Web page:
Florida’s Revised LLC Act Says “Goodbye” to Managing Members
Under the Florida Revised LLC Act (“Revised Act”), which became effective on January 1, 2015, the concept of “managing members” is now obsolete. See Fla. Stat. §§ 605.0407 to 605.04074. So why does it matter?
If an LLC’s operating agreement or articles of organization does not currently refer to the LLC as “manager-managed,” the LLC will be now deemed to be managed by all of its members collectively. Fla. Stat. §§ 605.0407(1)(a) and (1)(b). This means that, absent clarification in the operating agreement, the LLC’s former managing member may be divested of sole authority as manager and, instead, now be required to share that authority with all other members based upon their respective ownership interest. Fla. Stat. § 605.0407(2).
Here’s an example of how this statutory change can have big implications. If an LLC previously had a single managing member, but a total of five members, each with 20% ownership interest, on January 1, 2015, the five members would have defaulted into five co-equal member-managers. This would mean that any one of the member-managers could then bind that LLC to a contract, hire or fire employees, or appoint a new board of managers. Depending on the circumstances, this could be a material issue to the LLC’s business.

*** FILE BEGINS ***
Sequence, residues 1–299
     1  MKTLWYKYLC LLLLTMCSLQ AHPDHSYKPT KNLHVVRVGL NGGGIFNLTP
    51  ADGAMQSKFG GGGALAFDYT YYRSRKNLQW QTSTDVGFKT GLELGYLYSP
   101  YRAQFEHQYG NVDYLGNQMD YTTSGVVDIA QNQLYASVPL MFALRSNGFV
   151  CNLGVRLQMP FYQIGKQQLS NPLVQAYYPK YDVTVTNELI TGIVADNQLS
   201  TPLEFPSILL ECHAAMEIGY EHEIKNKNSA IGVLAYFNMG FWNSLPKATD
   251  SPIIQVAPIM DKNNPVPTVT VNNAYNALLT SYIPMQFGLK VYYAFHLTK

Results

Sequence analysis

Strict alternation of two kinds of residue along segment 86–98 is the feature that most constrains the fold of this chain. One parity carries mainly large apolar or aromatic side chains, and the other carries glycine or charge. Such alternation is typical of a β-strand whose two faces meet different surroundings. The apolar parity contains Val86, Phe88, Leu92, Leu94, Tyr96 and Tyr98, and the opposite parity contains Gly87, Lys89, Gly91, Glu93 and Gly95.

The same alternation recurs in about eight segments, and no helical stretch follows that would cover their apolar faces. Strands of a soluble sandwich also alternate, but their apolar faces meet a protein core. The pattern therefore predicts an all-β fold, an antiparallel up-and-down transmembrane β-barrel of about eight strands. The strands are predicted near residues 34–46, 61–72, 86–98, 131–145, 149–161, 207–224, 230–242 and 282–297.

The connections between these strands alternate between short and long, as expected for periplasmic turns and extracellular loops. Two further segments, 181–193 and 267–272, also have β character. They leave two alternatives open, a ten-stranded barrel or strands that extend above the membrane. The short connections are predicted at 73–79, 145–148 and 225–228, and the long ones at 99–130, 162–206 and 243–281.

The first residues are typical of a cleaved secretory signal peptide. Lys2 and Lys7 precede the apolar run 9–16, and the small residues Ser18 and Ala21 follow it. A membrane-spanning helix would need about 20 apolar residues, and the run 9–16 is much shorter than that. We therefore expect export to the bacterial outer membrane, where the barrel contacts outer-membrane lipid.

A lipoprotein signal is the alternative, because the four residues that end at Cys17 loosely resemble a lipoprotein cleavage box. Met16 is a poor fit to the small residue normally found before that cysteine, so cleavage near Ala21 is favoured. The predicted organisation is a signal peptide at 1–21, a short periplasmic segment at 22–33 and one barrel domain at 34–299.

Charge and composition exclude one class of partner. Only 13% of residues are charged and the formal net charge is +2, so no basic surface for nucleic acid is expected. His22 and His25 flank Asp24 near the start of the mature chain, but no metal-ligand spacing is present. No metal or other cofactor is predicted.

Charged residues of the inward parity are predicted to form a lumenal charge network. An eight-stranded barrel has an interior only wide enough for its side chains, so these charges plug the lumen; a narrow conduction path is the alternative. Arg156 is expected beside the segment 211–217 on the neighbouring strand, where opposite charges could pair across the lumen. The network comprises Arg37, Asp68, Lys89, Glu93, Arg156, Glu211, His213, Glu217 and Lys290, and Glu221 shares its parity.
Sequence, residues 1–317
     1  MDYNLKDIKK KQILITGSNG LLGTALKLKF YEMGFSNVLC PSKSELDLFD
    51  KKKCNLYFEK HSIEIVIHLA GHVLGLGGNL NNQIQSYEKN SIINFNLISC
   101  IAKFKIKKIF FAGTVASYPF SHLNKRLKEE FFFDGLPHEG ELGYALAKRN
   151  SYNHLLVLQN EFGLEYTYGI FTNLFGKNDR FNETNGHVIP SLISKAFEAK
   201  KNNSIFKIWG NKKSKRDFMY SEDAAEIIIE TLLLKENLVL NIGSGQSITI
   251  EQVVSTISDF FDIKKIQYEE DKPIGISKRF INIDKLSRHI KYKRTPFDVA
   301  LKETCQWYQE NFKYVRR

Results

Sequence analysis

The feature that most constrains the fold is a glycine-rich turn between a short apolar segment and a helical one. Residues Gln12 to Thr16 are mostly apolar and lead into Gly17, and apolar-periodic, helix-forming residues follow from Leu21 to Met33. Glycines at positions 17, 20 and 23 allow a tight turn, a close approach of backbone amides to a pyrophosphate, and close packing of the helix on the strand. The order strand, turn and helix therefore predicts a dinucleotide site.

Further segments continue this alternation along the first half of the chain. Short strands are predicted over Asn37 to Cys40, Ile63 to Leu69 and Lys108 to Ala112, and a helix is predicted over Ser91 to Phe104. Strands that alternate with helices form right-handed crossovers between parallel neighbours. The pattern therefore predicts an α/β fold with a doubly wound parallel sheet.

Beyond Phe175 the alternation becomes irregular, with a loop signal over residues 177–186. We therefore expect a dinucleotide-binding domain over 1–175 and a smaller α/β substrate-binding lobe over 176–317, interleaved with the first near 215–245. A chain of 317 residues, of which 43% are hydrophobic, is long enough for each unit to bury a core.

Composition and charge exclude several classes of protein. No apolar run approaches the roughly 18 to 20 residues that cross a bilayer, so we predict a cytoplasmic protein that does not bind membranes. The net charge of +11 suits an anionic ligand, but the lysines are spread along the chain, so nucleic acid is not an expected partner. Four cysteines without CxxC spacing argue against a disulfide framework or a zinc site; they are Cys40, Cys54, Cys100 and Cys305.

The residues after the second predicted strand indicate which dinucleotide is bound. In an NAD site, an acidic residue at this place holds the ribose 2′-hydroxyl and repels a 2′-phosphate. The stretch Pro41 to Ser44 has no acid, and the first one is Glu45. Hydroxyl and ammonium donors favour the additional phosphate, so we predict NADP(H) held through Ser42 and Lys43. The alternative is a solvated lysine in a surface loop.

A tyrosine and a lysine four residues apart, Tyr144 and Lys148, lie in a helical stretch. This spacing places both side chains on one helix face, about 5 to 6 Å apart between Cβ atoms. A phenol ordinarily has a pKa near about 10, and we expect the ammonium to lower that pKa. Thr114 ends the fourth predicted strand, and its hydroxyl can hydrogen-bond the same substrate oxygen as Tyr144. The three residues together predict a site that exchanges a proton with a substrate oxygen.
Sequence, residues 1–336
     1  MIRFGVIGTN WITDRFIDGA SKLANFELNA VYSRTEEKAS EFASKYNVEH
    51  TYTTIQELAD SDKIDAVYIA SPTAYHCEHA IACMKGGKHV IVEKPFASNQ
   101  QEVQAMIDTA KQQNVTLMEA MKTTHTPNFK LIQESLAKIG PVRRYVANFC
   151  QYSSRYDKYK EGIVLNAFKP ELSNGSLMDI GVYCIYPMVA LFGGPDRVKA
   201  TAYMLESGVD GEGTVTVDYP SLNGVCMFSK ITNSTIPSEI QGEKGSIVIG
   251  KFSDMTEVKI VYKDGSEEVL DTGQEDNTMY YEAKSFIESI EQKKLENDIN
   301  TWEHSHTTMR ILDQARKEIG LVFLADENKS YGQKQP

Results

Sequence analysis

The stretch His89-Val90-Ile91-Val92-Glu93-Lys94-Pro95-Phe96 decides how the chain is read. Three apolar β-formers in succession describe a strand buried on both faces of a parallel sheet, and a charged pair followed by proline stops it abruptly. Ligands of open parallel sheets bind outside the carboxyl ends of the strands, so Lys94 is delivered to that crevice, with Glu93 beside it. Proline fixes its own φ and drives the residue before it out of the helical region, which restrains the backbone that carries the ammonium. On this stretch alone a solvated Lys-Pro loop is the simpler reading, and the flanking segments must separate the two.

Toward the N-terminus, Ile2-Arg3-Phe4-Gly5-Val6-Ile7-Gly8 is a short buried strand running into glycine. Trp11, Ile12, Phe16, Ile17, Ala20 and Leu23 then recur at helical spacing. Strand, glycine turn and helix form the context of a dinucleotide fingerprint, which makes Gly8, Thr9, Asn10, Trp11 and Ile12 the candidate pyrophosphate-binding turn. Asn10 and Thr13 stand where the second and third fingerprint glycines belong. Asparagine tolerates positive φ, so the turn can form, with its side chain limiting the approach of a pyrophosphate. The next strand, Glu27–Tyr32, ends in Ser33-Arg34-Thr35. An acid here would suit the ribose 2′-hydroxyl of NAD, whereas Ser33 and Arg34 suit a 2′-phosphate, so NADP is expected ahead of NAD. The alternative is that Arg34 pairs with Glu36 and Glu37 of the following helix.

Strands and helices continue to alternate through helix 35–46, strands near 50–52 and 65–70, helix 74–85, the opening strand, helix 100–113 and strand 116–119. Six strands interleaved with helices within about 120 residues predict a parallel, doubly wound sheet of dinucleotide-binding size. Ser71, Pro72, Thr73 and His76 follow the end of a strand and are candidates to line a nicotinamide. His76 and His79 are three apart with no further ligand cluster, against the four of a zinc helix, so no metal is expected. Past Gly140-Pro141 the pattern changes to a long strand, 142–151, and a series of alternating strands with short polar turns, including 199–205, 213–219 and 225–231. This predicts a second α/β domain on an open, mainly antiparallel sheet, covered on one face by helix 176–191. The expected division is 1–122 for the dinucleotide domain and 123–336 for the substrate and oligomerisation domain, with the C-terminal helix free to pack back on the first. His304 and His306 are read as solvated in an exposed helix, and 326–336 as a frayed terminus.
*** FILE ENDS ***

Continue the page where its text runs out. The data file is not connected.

To avoid these types of unexpected and unintended consequences from the Revised Act, the LLC should be diligent to have counsel review and update the LLC’s operating agreement. In the update, the LLC needs to expressly appoint as “managers” whomever the members prefer to have management authority over the LLC.
In addition, once a new manager is appointed, the Revised Act allows the manager to delegate his or her management rights and powers to others. See Fla. Stat. § 605.04071. If a manager delegates his or her rights or powers, however, the manager still preserves his or her status as a manager.
In sum, all LLC’s with operating agreements that pre-date January 1, 2015 should be reviewed to ensure they are in conformity with the Revised Act. An operating agreement’s reference to a “managing member” is now obsolete.